Assessment Office to see if they had a change of address for S & S Land Company. Although they did not, the Bureau itself had received a change of address for the property owner from Marvin Schreiber in September of 1982, but apparently failed to note it. Even if the Bureau had not received a change of address for the record owner, we agree with the trial court's conclusion that the Bureau failed to make a reasonable effort to locate the non-resident record owners in this case. As suggested by the trial court, it would have been a relatively simple matter for the Bureau to check the mortgage records. The individual Schreiber brothers all signed the mortgage agreement. From there the Bureau could have checked the Pittsburgh telephone directory. Alternatively, the Bureau could have checked the Pittsburgh telephone directory for Schreiber and Schreiber.

We do not hold that a taxing authority is required to search countless telephone directories or other records to locate record owners of property scheduled for tax sale. However, the non-resident property owners could have been located quite easily in the manner we have suggested. Checking the mortgage agreement would not have placed an unreasonable burden on the taxing authority in this case. It is interesting to note that apparently the Legislature would agree as the current version of Section 601(a) of the Act requires a taxing authority to check the dockets and indices of the recorder of deeds office in an effort to locate record owners prior to a tax sale.

We do not believe that the Bureau made a reasonable effort to notify the mortgagee prior to the 1985 sale to Appellants. The Rule to Show Cause dated August 20, 1985, and the notice of the scheduled sale were mailed to Mr. Newkirk at his last known address. Although Tracy and Rossi involved notice to record owners, our Supreme Court in Tracy bases its opinion

[ 117 Pa. Commw. Page 600]

    on the U.S. Supreme Court's decision in Mennonite Board of Missions v. Adams, 462 U.S. 791 (1983). In that case, the United States Supreme Court noted that a government body is obliged to employ reasonable efforts to discover the identity and address of a mortgagee. The Bureau could have easily located Mr. Newkirk through the Houston telephone directory and in fact Mr. Raida did just that following the sale. In any event, the second sale was brought pursuant to Section 610 of the Act which permits a court ordered sale to the highest bidder only where the upset price was not bid at the first tax sale. Therefore, if the first sale was invalid, the second sale is as well.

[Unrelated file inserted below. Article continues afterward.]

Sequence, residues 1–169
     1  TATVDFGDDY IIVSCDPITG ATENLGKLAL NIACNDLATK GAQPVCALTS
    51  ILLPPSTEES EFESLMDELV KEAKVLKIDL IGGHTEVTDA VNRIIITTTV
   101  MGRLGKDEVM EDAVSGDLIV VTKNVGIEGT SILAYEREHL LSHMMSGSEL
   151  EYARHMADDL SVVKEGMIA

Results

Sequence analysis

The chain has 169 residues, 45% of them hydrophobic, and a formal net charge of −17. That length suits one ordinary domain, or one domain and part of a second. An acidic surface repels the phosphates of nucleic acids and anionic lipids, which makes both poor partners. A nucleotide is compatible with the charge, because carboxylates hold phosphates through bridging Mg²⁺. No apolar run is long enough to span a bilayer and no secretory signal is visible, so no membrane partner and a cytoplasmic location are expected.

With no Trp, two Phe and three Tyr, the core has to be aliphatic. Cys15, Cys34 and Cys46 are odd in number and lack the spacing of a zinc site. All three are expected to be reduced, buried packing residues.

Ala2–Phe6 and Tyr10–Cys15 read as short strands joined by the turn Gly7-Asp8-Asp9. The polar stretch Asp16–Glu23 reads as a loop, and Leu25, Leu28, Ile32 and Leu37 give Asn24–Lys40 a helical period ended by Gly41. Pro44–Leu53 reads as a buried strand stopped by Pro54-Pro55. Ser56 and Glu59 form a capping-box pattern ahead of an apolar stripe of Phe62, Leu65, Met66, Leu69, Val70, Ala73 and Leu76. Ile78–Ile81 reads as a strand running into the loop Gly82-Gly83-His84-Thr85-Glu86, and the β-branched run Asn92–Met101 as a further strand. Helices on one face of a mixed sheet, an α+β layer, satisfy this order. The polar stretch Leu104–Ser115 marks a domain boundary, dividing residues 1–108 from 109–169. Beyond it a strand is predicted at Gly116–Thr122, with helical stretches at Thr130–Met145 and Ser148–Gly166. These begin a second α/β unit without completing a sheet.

Appellants contend that the trial court erred in addressing the validity of the second tax sale as these issues were not raised in the pleadings. A review of the pleadings reveals this argument is meritless. Appellees clearly raise the validity of the second sale in paragraph 13 of their Petition to Set Aside Tax Sale and Private Sale of Property and the mortgagee clearly raises the issue in his petition as well.

We find that the Bureau failed to make a reasonable effort to notify the Appellees and the mortgagee of the tax sales in this case which divested them of their rights to the property in question.

As our Supreme Court noted in Tracy at 297, 489 A.2d at 1339:

Somehow, over the years, taxing authorities have lost sight of the fact that it is a momentous event under the United States and Pennsylvania Constitutions when a government subjects a citizen's property to forfeiture for the nonpayment of taxes. . . . As this Court stated in Hess v. Westerwick, 'the purpose of tax sales is not to strip the taxpayer of his property but to insure the collection of taxes.' 366 Pa. 90, 98, 76 A.2d 745, 748 (1950).

[ 117 Pa. Commw. Page 601]

We agree with the trial court that the tax sales in this case must be set aside. Accordingly, the order of the trial court dated May 8, 1987, invalidating the 1984 upset sale and the 1985 sale of the property in question is affirmed.

Order

And Now, this 13th day of July, 1988, the order of the Butler County Court of Common Pleas dated May 8, 1987, at Miscellaneous Docket No. 86-022 is affirmed. Appellants' appeal from the order of the Butler County Court of Common Pleas dated August 10, 1987 at Misc. Docket No. 86-022 is dismissed as untimely filed.

Disposition

Order dated May 8, 1987 affirmed. Appeal from Order Dated August 10, 1987 Dismissed as untimely.